Russian Roulette at Indy?
When the green flag goes down at the storied Brickyard on Sunday for an enfeebled Indianapolis 500, the best that can be hoped for is that the world's most renowned automobile race deteriorates into merely a boring bush-league event and nothing worse. During qualifying and practice runs, Scott Brayton, who had earned the pole position, was killed, and live other drivers also crashed, one of whom (rookie Dan Drinan) was seriously injured. The race's inexperienced held raises the possibility of further carnage. "It's a kind of Russian roulette," says Mario Andretti, the 1969 Indy winner who is now retired from Indy driving, "and you don't play Russian roulette on a superspeedway."
The 37-year-old Brayton, the only pole sitter ever killed in practice, was no roulette player. He was the most experienced driver in the field, with 14 Indy starts and thousands of testing miles at the Speedway. Last Friday his right rear tire went flat apparently after having been punctured by debris on the track. His Lola-Menard, which was traveling at close to 230 mph, spun and slammed broadside into the concrete retaining wall in Turn 2. Brayton suffered head injuries and was pronounced dead 33 minutes later at Methodist Hospital.
In other years Brayton's death would have been ascribed to "the luck of the lick," as they say at Indy. But because of the civil war between Speedway president Tony George's Indy Racing League (IRL) and the car owners of Championship Auto Racing Teams (CART), the organization that's staging the rival U.S. 500 in Brooklyn, Mich., on Sunday, safety issues came to the fore. The two races have set different technical specifications for their cars. At Indy the vehicles are older yet faster, because the IRL has not adopted the aerodynamic modifications and limits on turbo-boost that will be in effect at the U.S. 500. When he crashed, Brayton was driving a '95 Lola, which does not have some of the safety features of the '96. Even CART loyalists concede that no one knows if Brayton would have survived the crash had he been driving the newer model, but the bitterness of the civil war has auto racing observers talking about it.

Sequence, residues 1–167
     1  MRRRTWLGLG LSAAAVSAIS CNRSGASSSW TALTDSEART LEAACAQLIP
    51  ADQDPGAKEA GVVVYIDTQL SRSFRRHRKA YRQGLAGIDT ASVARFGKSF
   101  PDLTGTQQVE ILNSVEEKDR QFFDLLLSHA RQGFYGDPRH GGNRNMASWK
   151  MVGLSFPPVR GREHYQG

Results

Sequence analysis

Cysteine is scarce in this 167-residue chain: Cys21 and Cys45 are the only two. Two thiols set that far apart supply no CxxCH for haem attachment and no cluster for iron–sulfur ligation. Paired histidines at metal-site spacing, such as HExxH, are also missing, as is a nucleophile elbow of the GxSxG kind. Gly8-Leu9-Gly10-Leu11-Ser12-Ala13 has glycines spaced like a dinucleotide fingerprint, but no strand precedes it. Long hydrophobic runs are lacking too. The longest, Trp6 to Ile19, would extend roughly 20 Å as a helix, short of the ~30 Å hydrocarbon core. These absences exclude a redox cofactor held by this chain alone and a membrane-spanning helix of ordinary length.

They're also talking about the possibility of further incidents at the Brickyard on Sunday. The field is clearly diluted—Brayton, for example, was replaced by 54-year-old Danny Ongais, who hasn't raced an Indy Car in nine years—yet the speeds may be higher than ever, not only because of lesser restraints on boost but also because of a repaved track. Mike Devin, technical director for the U.S. Auto Club, the race's sanctioning body, says that Indy's "safety inspection is basically beyond reproach." Others, like CART loyalist Andretti, believe that Brickyard drivers will be racing at unsafe speed, "operating outside a known envelope," as he puts it. One thing is for sure: What used to be one of the special days in all of sports is a lot less special and possibly a lot more dangerous.
Recently there have been two robberies and one attempted robbery at the Shelby Park Golf Course in Nashville. In each case, gun-wielding youths have preyed on golfers by jumping out of trees that stand along a railroad track near the 16th tee. As of Monday there had been no arrests.
A tip from the pros: When playing Shelby, save that mulligan for the back nine.
Swimmin' for Doc
As men's swimming coach at Indiana from 1957 to '90, the legendary James (Doc) Counsilman did more than produce 14 world-record holders and 22 Olympic medalists. "He gave us life lessons we'll always have," says former Hoosier Mike Troy, who won two golds at the 1960 Rome Games. "It didn't matter how good a swimmer a guy was, Doc cared about everyone equally and motivated everyone equally. We wanted to give him something back."